Answer this: In the last 20 years, the percentage of the world population living in extreme poverty has:
- Almost doubled?
- Remained about the same?
- Dropped by two-thirds?
The correct answer is C. The number of people living in extreme poverty is less than 9%. It was more than three times greater, 29%, in 1997.
I wrote about Rosling before. LINK
His life work is correcting misconceptions. And one of the biggest misconceptions he’s discovered is that most people – and this includes most educated people – believe that poverty is getting worse.
Here are the facts:
In 1800, roughly 85% of the world population lived in extreme poverty, deprived of such basic human needs as food, safe drinking water, shelter, and access to medical care.
And this was not confined to Asia and Africa. It existed everywhere. Even in England, the US, Europe, and Scandinavia. The world economy back then was still agrarian. When crops failed, people starved.
The situation improved only slightly for the next 70 or 80 years. But by then the Industrial Revolution was in full swing. Wealth was being created at a rate that was faster, by multiples, than at any previous time in human history. And the beneficiaries were not only big industrialized countries but also their trading partners. READ MORE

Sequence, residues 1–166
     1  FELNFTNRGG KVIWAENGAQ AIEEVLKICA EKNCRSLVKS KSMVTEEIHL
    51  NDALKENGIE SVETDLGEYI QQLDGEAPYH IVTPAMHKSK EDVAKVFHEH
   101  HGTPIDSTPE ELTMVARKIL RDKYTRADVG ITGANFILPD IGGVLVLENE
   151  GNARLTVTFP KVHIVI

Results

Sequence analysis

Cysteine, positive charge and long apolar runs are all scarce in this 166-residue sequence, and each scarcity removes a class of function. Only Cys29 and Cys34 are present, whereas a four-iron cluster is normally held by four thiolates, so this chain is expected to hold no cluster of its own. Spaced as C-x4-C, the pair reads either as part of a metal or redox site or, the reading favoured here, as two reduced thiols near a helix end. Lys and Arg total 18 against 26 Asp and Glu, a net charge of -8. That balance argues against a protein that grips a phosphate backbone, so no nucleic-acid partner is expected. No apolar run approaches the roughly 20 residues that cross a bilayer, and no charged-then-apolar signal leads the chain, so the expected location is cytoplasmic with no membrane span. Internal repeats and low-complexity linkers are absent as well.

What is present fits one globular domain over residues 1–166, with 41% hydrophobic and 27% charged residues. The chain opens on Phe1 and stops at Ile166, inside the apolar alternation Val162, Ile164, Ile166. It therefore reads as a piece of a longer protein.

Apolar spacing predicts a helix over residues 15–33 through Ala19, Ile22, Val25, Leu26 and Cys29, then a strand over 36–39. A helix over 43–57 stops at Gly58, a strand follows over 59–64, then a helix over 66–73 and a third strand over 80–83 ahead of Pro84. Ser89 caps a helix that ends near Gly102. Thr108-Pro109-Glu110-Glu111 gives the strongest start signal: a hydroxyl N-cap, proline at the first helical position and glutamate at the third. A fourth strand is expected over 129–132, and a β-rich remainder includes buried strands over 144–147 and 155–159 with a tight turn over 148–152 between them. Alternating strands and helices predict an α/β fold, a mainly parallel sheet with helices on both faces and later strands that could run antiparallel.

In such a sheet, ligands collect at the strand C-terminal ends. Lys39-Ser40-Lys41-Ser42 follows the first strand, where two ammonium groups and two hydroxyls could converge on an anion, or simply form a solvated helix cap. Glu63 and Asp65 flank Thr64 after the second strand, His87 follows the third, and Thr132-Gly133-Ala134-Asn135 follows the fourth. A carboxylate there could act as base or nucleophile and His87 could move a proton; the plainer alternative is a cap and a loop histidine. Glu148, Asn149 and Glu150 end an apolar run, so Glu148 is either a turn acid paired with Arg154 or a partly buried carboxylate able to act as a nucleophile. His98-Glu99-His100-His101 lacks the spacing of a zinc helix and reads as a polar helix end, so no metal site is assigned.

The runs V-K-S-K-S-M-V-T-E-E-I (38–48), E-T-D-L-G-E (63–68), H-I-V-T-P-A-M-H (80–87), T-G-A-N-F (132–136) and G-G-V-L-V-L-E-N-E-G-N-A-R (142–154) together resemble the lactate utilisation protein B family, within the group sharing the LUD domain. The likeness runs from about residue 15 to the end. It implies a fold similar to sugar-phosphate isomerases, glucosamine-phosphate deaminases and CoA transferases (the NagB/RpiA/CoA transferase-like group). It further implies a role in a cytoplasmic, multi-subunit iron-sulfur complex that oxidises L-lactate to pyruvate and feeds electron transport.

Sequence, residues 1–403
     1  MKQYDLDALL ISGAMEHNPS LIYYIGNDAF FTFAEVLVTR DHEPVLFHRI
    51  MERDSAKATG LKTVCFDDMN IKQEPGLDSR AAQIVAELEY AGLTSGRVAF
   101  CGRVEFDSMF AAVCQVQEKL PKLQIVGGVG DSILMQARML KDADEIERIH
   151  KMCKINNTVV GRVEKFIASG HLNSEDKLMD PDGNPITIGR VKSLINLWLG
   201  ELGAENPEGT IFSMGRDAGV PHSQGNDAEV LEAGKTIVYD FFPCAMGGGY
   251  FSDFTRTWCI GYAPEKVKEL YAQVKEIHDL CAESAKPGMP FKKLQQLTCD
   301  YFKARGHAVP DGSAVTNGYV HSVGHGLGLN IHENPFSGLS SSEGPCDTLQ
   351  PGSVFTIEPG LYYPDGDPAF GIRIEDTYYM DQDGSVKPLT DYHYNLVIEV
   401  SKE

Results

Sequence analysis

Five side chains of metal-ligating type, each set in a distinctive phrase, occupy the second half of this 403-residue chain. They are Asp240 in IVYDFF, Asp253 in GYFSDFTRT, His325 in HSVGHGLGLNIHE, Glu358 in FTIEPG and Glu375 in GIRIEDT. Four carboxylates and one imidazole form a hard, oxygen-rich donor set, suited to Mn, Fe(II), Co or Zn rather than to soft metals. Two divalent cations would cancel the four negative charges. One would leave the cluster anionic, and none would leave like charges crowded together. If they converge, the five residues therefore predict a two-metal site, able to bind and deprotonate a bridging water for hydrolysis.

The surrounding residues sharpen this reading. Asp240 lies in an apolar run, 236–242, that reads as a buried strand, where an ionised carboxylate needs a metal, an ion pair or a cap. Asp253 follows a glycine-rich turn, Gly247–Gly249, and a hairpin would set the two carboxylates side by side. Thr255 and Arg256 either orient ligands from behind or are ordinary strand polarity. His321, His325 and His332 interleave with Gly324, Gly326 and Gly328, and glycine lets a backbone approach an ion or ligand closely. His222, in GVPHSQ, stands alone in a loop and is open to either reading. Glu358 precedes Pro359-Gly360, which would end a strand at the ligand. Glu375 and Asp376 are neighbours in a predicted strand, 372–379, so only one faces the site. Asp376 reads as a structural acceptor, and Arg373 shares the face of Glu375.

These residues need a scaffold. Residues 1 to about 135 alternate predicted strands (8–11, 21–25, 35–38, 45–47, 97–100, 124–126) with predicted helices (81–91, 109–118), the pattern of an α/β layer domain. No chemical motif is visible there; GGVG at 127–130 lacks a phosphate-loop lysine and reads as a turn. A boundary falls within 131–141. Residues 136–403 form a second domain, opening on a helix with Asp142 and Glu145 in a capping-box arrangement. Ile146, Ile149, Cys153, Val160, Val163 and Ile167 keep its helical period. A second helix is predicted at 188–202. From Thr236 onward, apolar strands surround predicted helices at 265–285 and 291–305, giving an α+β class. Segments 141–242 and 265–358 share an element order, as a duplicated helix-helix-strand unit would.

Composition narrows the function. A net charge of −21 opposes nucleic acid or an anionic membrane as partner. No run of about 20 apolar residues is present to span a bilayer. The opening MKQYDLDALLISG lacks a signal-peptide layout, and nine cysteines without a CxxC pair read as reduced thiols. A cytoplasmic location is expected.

Free trade and new technology continued to spur economic growth in the first half of the 20thcentury. And by the 1950s, the global rate of extreme poverty started dropping precipitously. It dipped below the 50% mark in 1966, and has been descending ever more rapidly.
China and India were laggards. As late as 1997, 42% of the populations of both countries lived in extreme poverty. But by 2017, it was down to 12% in India and less than 1% in China (where the state both encouraged Capitalism and funded large economic programs).
Rosling suggests that it’s best to resist the temptation to divide the world into rich and poor but instead to consider four income levels: up to $2 a day, $2 to $8 a day, $8 to $32 a day, and over $32. These may seem like arbitrary distinctions, but he points out that there are, in fact, huge differences between these levels.
What is to be learned from these facts?
First, and most importantly, that from the perspective of extreme poverty, the world is getting better, not worse.
Second, what is commonly believed is often just plain wrong. This particular misconception I blame on the press and on writers and thinkers generally. People who live in their heads tend to be more interested in bad news than in good news. And people that write about what’s going on in the world know that they will attract more attention by focusing on the negative.